Climate Change and Rapidly Evolving Pests and Diseases in Southern Africa

  • Paramu Mafongoya
  • Augustine Gubba
  • Vaneson Moodley
  • Debra Chapoto
  • Lavinia Kisten
  • Mutondwa Phophi
Part of the Natural Resource Management and Policy book series (NRMP, volume 53)


Agriculture faces the huge challenge of meeting increasing food demands while simultaneously reducing its environmental footprint and meeting sustainability goals. Climate change is a major risk to sub-Saharan Africa and the southern Africa region. Pests are, and will continue to be responsible for crop losses which may amount to more than 40% worldwide. Climate change and weather patterns directly affect the distribution, development and population dynamics of insect pests and it may facilitate the spread of indigenous and exotic species. The aim of the study was to identify and evaluate major pests of vegetables in South Africa and Zimbabwe in relation to climate variability. Quantitative and qualitative research methods were used to solicit data from respondents. This was done across all nine provinces of South Africa and five agro-ecological zones in Zimbabwe. Key informants and focus groups were used to triangulate the data. Whiteflies and aphids collected from field and greenhouse sampling sites were phenotyped to determine the possible species present. In Zimbabwe, farmers perceived an increase in the abundance of insect pests such as aphids, whiteflies, stem borers, ball worms, red spider mite, termites and diamondback moths and the emergence of new pests. The increase in pest populations was perceived to be caused by short winters, higher temperatures and lengthy dry spells. In South Africa, the major pest outbreaks were aphids, whiteflies, red spider mites and thrips. Moreover, some of these pests are vectors of destructive viral pathogens. Emerging whitefly-transmitted torrado, crini, and begomoviruses were identified in major vegetable growing regions throughout South Africa. From this study, Tomato torrado virus (ToTV) was reported for the first time from continental Africa continent. In addition, several weed species significantly contributed to the epidemiology of vector-borne disease in commercial and smallholder farming communities. Preliminary risk maps for possible pest and disease outbreaks were produced for the two countries. The major policy directions require governments in Africa to start documenting new and emerging pests and diseases of major crops. Furthermore, surveillance systems should be initiated to monitor pest populations and extension programs that create awareness to farmers on new and existing pests and how to manage them. A collaborative effort is paramount for the development of appropriate integrated pest management systems to reduce the losses incurred by the agricultural pests in Africa and abroad.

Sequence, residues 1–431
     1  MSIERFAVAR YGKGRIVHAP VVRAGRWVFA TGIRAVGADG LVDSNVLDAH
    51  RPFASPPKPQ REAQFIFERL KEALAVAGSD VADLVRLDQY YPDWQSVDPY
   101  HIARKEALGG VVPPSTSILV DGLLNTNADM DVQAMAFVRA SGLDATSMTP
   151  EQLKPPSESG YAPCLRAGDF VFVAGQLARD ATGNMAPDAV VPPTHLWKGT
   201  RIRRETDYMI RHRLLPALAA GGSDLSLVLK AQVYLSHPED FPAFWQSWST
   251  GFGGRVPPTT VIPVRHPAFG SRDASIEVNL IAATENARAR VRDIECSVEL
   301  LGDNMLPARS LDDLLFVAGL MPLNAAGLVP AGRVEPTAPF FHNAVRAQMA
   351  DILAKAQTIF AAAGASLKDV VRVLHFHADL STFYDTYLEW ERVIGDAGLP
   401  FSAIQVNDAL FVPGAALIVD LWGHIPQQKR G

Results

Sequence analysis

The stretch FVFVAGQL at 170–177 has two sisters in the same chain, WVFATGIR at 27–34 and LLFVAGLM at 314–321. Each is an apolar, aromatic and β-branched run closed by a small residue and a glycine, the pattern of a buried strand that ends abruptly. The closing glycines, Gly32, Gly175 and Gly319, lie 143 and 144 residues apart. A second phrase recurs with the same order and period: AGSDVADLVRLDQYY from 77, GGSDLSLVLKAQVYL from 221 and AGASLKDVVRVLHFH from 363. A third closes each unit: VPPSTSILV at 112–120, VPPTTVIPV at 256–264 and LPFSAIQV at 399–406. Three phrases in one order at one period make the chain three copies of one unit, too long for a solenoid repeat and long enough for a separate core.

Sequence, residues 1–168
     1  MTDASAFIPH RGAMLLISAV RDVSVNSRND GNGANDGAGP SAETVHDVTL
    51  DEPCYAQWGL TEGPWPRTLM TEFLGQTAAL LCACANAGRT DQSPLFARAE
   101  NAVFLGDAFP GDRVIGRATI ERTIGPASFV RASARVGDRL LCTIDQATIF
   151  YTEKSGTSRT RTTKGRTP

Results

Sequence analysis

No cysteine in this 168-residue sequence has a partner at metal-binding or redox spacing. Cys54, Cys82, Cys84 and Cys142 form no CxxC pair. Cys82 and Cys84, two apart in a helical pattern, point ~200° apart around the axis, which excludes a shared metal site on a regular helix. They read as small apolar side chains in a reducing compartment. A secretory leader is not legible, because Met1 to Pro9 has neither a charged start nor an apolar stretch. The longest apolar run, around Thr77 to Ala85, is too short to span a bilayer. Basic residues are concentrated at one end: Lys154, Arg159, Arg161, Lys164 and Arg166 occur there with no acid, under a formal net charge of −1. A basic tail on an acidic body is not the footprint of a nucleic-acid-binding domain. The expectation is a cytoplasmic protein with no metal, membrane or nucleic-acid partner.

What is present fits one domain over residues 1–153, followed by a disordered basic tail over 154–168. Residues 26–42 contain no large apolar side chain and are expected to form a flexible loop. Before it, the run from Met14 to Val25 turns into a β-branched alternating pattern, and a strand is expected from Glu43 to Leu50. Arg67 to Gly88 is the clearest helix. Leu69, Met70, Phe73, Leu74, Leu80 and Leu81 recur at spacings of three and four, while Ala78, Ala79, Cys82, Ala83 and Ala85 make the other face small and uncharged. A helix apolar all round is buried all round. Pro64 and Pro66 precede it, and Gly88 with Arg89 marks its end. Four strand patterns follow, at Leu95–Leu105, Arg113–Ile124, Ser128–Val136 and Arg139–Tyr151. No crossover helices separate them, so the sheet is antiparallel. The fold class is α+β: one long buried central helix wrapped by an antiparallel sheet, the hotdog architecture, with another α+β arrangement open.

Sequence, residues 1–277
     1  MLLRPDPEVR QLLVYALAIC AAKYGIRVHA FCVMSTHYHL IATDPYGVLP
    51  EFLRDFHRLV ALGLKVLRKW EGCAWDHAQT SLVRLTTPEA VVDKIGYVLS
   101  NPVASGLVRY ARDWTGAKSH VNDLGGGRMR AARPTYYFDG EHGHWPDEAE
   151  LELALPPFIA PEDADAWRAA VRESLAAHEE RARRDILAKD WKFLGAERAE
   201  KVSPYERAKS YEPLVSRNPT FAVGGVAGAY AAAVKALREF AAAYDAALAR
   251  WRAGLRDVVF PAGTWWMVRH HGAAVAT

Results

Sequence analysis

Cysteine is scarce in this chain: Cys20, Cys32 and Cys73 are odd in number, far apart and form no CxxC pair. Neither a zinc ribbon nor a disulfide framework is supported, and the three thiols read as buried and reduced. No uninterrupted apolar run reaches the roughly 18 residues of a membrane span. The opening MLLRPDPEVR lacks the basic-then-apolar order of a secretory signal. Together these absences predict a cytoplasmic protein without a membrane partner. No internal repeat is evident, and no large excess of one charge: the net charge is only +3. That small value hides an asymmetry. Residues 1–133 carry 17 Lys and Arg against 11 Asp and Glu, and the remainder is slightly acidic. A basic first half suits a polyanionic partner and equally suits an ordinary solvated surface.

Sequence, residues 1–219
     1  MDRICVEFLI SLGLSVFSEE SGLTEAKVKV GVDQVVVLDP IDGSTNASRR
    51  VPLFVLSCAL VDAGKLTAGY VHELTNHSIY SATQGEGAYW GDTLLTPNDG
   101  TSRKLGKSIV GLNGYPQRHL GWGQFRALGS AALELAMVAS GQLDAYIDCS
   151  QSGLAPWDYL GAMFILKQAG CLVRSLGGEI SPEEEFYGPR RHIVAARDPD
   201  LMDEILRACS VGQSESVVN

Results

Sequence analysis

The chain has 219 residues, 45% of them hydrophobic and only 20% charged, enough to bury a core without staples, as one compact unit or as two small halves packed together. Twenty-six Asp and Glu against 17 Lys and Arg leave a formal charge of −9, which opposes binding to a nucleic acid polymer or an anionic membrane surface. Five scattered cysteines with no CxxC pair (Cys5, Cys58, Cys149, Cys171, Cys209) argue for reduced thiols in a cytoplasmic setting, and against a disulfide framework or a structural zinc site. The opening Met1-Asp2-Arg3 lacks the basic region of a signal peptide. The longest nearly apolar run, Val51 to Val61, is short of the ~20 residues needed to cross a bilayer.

Climate change Diseases Pests South Africa Zimbabwe Sustainability 


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Copyright information

© Springer Nature Switzerland AG 2019

Authors and Affiliations

  • Paramu Mafongoya
    • 1
  • Augustine Gubba
    • 1
  • Vaneson Moodley
    • 1
  • Debra Chapoto
    • 1
  • Lavinia Kisten
    • 1
  • Mutondwa Phophi
    • 1
  1. 1.School of Agriculture, Earth and Environmental ScienceUniversity of Kwa Zulu NatalPietermaritzburgSouth Africa

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